Critical Care2009,13:R181 (doi:10.1186/cc8167) This article is online at: http://ccforum.com/content/13/6/R181 © 2009 Dünseret al.; licensee BioMed Central Ltd. This is an open access article distributed under the terms of the Creative Commons Attribution License (http://creativecommons.org/licenses/by/2.0), which permits unrestricted use, distribution, and reproduction in any medium, provided the original work is properly cited.
Abstract
Introduction It is unclear to which level mean arterial blood pressure (MAP) should be increased during septic shock in order to improve outcome. In this study we investigated the association between MAP values of 70 mmHg or higher, vasopressor load, 28day mortality and diseaserelated events in septic shock.
MethodsThis is a post hoc analysis of data of the control group of a multicenter trial and includes 290 septic shock patients in whom a mean MAPmmHg could be maintained during 70 shock. Demographic and clinical data, MAP, vasopressor requirements during the shock period, diseaserelated events and 28day mortality were documented. Logistic regression models adjusted for the geographic region of the study center, age, presence of chronic arterial hypertension, simplified acute physiology score (SAPS) II and the mean vasopressor load during the shock period was calculated to investigate the association between MAP or MAP quartilesmmHg and 70 mortality or the frequency and occurrence of diseaserelated events.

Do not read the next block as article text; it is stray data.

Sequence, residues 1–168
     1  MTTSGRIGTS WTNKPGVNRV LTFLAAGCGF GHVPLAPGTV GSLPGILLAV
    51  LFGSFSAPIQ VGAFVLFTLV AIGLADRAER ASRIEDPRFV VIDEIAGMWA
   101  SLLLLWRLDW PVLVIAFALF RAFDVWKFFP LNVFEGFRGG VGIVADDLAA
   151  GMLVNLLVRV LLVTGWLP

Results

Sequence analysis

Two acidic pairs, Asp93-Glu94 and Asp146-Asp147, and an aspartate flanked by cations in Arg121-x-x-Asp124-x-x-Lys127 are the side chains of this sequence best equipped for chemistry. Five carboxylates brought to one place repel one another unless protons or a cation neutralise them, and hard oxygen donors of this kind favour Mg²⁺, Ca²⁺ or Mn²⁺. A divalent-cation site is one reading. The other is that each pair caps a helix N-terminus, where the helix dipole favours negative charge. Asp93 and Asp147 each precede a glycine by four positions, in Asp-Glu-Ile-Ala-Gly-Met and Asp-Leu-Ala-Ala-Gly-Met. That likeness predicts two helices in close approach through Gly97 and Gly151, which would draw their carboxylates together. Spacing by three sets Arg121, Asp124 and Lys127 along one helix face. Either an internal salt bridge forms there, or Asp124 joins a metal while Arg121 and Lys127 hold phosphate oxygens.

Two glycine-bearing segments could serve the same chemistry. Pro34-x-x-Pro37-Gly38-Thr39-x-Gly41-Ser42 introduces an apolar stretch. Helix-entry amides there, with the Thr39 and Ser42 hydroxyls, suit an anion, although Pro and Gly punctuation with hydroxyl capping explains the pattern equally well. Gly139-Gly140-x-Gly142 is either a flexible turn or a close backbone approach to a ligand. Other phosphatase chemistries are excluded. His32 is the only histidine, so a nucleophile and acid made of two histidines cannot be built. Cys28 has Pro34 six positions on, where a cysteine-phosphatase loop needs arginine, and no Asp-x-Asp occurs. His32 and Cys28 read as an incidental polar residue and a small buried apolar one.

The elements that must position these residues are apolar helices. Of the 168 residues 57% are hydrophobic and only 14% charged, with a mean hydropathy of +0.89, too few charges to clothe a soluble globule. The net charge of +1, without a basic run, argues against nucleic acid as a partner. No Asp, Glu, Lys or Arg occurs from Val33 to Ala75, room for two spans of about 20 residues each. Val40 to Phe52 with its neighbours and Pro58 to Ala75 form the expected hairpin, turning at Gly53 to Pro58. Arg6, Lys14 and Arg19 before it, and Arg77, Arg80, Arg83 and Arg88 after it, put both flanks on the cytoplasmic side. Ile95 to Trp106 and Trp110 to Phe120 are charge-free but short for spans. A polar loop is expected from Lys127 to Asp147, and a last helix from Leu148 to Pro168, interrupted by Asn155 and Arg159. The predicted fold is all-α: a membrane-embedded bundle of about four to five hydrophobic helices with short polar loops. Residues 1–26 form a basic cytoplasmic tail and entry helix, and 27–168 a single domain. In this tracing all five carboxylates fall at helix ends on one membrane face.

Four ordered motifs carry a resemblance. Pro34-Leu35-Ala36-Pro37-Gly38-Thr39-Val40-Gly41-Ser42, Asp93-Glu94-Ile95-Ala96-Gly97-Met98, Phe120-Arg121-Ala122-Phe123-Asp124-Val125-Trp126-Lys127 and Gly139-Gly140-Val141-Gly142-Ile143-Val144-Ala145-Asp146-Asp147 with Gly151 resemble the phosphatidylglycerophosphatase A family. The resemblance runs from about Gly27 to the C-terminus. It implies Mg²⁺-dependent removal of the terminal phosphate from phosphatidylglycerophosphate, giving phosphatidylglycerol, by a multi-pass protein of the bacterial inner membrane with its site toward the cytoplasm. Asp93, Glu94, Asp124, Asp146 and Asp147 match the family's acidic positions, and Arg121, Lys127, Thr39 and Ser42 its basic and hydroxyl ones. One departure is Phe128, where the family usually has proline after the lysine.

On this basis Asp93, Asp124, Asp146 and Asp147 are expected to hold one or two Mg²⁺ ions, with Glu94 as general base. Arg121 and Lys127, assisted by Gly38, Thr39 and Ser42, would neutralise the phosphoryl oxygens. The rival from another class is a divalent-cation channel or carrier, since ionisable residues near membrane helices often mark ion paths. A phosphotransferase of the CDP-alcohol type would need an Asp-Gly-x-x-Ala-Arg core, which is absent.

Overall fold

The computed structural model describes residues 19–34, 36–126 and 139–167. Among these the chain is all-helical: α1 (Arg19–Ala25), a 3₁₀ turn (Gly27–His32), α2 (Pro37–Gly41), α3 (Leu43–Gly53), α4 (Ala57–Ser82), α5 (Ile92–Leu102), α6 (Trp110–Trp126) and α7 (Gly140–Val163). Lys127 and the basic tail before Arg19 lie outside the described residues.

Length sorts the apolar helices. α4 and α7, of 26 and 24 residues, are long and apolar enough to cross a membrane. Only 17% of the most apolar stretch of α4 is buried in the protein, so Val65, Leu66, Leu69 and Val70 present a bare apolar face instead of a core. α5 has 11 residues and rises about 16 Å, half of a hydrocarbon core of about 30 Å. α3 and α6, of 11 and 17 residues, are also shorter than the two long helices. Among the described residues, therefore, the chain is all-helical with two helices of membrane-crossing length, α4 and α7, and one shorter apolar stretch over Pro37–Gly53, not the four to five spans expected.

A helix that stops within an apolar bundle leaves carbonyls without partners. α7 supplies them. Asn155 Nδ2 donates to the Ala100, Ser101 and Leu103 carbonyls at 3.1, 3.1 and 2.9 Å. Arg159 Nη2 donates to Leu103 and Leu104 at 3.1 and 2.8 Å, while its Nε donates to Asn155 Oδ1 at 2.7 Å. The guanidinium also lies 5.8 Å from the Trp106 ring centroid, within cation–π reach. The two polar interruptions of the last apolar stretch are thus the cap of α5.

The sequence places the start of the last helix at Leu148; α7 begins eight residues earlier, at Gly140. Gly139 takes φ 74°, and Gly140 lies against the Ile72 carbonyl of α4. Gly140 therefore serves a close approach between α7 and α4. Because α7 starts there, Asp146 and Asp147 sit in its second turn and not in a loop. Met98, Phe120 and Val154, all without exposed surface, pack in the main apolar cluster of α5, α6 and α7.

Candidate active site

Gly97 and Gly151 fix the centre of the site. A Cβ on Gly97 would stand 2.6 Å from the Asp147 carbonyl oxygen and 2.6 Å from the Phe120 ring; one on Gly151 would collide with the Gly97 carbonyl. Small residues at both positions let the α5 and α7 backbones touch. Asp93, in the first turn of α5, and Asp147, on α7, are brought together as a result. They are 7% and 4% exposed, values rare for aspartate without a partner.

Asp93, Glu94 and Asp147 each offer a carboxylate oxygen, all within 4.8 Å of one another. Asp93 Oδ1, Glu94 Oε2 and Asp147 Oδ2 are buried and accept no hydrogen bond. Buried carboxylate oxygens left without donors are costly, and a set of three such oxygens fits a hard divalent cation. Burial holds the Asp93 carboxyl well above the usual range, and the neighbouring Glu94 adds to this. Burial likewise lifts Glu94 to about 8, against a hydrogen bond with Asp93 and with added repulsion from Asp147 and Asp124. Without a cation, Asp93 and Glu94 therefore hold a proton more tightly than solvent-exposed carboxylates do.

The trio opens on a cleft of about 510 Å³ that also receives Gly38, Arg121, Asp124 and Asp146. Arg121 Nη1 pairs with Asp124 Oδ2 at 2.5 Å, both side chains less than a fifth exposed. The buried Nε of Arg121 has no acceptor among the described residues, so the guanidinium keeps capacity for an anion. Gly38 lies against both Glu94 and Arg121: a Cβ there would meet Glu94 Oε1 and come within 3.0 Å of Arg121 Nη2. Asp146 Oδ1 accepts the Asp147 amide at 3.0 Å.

Introduction Mean arterial blood pressure (MAP) is the driving force for microvascular blood flow and thus an important determinant of tissue perfusion [1]. In its current guidelines [2], the Surviving Sepsis Campaign recommends to maintain a minimum MAP of 65 mmHg in patients with severe sepsis and septic shock. Apart from physiologic knowledge [1], there is weak evidence to support this recommendation. Although the two single
Resultswas no association between MAP or MAP There quartiles and mortality or the occurrence of diseaserelated events. These associations were not influenced by age or pre existent arterial hypertension (allP0.05). The mean > vasopressor load was associated with mortality (relative risk (RR), 1.83; confidence interval (CI) 95%, 1.42.38;P< 0.001), the number of diseaserelated events (P0.001) and the < occurrence of acute circulatory failure (RR, 1.64; CI 95%, 1.28 2.11;P< 0.001), metabolic acidosis (RR, 1.79; CI 95%, 1.38 2.32;P< 0.001), renal failure (RR, 1.49; CI 95%, 1.171.89;P = 0.001) and thrombocytopenia (RR, 1.33; CI 95%, 1.061.68; P= 0.01).
ConclusionsMAP levels of 70 mmHg or higher do not appear to be associated with improved survival in septic shock. Elevating MAP >70 mmHg by augmenting vasopressor dosages may increase mortality. Future trials are needed to identify the lowest acceptable MAP level to ensure tissue perfusion and avoid unnecessary high catecholamine infusions.
center prospective studies specifically investigating MAP lev els in septic shock were small, uncontrolled and arbitrarily chose 65 mmHg as their lowest MAP [3,4], a retrospective cohort study supported a MAP of 65 mmHg as the critical level for 30day survival but was not adjusted for disease severity [5]. The study by Rivers and colleagues targeted a MAP of 65 mmHg in severe sepsis patients but the actual MAP levels were much higher [6]. Therefore, no clinical conclusions about
CI: confidence interval; MAP: mean arterial blood pressure; RR: relative risk; SAPS: Simplified Acute Physiology Score.
Page 1 of 7 (page number not for citation purposes)